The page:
Sell to Open vs Sell to Close: What’s the Difference?

While you must have heard the terms sell to open and sell to close, it is another thing to understand what they mean.

They are terms used often in the options market. In the options market, you can either buy or sell call options or buy or sell put options.

Regardless of which side of the trade you take, you’re making a bet on the price direction of the underlying asset. But the buyer and seller of options are seeking to profit in very different ways.

In the options market, every call option can be seen as a bet between the two parties who are trading.

The buyer is betting that the price of the underlying asset will be higher on the open market than the strike price and that it will exceed the strike price before the option expires.

If so, the option buyer can buy that asset from the option seller at the strike price and then resell it for a profit.

In this article, you would understand what sell to open and sell to close mean. In addition, the differences between the both have also been outlined.

Keep reading.

What Does It Mean to Sell to Open?

This is a term used by many brokers to denote the opening of a short position in an options or other derivatives transaction.

The opening enables the trader to receive cash or the premium for the options. The call or put position associated with the option may be covered, in which the option owner owns the underlying asset, or naked, which is riskier.

Essentially, sell to open denotes instances in which an option investor pledges, or opens, an options trade by selling or creating a short position in an option.

This enables the option seller to receive the premium paid by the buyer on the opposite side of the contract. Options are a type of derivative security.

Selling to open allows a stakeholder to be eligible for a premium as the investor is selling the opening associated with the option to another stakeholder within the market.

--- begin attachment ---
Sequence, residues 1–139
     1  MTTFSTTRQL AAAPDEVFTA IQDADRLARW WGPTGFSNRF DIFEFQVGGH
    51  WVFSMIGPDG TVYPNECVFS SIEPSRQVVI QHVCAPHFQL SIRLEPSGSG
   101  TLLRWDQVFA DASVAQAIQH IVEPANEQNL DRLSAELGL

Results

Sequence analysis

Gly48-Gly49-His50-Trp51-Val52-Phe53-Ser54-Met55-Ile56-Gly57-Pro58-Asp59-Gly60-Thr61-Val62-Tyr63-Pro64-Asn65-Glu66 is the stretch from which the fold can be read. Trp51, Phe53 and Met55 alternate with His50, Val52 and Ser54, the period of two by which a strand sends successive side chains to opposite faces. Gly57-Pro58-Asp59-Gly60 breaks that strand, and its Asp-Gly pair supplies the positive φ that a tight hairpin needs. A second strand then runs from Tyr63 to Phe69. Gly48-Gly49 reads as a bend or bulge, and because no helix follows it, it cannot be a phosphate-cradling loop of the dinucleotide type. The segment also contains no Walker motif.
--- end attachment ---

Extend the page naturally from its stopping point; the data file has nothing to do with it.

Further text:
This puts the selling investor in the short position on the call or put, while the second investor takes the long position or the purchase of a security with the hope that it will increase in value.

The investor shorting the position is hoping the underlying asset or equity does not move past the strike price, as this allows them to keep the underlying security and benefit from the long investor’s premium.

Sell to open can be established on a put option or a call option or any combination of puts and calls depending on the trade predisposition, whether bullish, bearish or neutral, that the option trader or investor wants to implement.

With a sell to open, the investor writes a call or put in hopes of collecting a premium. The call or put may be covered or naked depending on whether the investor writing the call is currently in possession of the securities in question.

An example of a sell to open transaction is a put option sold or written on stock, such as one offered through Microsoft.

In this case, the put seller may have a neutral to bullish view on Microsoft, and would be willing to take the risk of the stock being assigned, or put, if it drops below the strike price in exchange for receiving the premium paid by the option buyer.

Read Also: How to Sell on StockX: 2022 Ultimate Guide

What Does It Mean To Sell To Close?

Sell to close shows that an options order is being placed to exit a trade. The trader by this time owns the options contract and by selling the contract will close the position.

Sell to close is employed to close a long position originally established with a buy to open order and can be likened with buy to close and sell to open orders.

It is also used, but less often, inequity and fixed-income trading to indicate a sale that closes an existing long position.

Simply put, a sell-to-close order is used when a person who has been in a long position decides to close the existing long position.

If an option is out of the money and will expire worthlessly, a trader may still choose to sell to close to clear the position.

Once a position is owned by an option trader or its derivatives, it can only be allocated in three ways:

The option is out of the money (OTM) and expires worthless; the option is in the money (ITM) and can be exercised to trade for the underlying or settle for the difference, or the option can be sold to close the position.